Entropy theory is usually thought of as something that applies to matter and energy, but it turns out that we can apply the same techniques of analysis to social media sites. Join me as we study the thermodynamic behaviour of users on Twitter, and learn how to analyse it better.
Statistical mechanics, built upon the concept of entropy from classical thermodynamics, is used to reveal properties of physical systems and describe them in great detail based on properties such as thermodynamic states (entropy and enthalpy) and constants (heat capacitance). This method of gaining insight into macroscopic behaviour of a system by treating it as a set of microscopic interactions is particularly effective when a large number of entities are concerned–such as particles in a gas or ions in a plasma cloud.
An exploratory study is being conducted into whether these methods can be used to describe the macroscopic behaviour of a social media platform by prescribing analogous measures of density, temperature, and particle velocity to traits such as the number of tweets on a topic, their engagement metrics, and the growth of interest over time.
Findings could indicate suitability of the method to answer key questions often asked of social media data:
- Does the total amount of potential “energy” (user engagement) of a platform fluctuate over time? If so, how?
- Can we estimate how much of it is currently being channeled?
- Can we estimate the relative potential energy of different topic areas (politics, celebrity gossip, sports, etc.)?
- And most importantly: if we can analyse and understand these factors, could this provide tangible benefit to users, such as points in time where certain topic areas have optimal engagement potential?
Researchers posit this data mapped as entropy-over-time will be a more effective analogy for the lifetime of a trend that the oft-applied technology adoption curve or other metrics. Using only Twarc and a bunch of good old-fashioned scripting, we present and evaluate initial findings from an investigation into historical datasets from Twitter, and discuss what this means for treating social media platforms as closed, intra-connected systems for analysis.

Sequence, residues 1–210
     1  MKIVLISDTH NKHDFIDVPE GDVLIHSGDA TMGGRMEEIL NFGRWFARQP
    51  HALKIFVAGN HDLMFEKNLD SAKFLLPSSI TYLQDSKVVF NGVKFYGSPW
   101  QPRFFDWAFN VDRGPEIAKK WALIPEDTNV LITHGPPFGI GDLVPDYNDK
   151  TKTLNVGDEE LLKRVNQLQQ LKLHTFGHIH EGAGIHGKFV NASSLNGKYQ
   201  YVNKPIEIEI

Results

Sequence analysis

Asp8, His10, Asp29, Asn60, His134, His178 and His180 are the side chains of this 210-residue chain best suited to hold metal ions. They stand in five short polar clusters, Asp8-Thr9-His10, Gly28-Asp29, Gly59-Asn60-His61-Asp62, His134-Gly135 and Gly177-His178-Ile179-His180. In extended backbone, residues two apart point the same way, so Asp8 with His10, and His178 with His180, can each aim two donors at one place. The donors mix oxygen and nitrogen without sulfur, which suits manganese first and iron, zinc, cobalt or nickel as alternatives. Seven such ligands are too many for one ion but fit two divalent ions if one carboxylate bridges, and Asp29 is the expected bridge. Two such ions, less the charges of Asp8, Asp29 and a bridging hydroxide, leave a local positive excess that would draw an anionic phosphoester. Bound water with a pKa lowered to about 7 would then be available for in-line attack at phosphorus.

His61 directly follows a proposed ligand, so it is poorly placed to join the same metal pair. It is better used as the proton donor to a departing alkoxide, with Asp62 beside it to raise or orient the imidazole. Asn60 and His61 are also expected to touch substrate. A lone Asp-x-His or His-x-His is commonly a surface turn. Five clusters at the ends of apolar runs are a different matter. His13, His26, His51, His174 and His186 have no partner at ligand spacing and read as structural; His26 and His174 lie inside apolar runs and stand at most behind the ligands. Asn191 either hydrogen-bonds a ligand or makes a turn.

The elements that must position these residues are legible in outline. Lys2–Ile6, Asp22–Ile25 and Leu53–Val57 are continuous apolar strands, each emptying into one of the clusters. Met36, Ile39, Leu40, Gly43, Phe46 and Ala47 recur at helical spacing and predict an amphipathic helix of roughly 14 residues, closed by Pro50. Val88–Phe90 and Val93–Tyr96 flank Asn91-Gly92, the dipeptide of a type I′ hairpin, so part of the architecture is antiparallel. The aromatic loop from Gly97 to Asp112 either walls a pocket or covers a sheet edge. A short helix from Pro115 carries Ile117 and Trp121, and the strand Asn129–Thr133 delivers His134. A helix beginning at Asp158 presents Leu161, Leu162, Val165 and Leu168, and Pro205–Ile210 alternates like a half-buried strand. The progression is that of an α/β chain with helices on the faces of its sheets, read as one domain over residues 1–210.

Mars is a Honours-year Computing student from the University of Tasmania. Entering the world of technology relatively late as a mature-aged student, she has found her place in the world: an industry where she can apply her lifelong love of mathematics and optimisation.
When she is not busy being the most annoyingly eager student ever–or mouthing off about why everyone should love data science as much as she does–she compulsively volunteers at industry events, tutors in AI, hikes around in the wilderness, dabbles in research, builds Game of Thrones in Minecraft, and makes Swift Playgrounds for everything. She also serves on the Executive Committee for her state’s branch of the Australian Computer Society (ACS), where she aids in efforts to improve tech education and community engagement for young Tasmanians, as well as the national Executive Council of the AUC, where she helps run the /dev/world conference and initiatives to support the Australian Apple development community. In the time she has left she is writing a book for O’Reilly Media.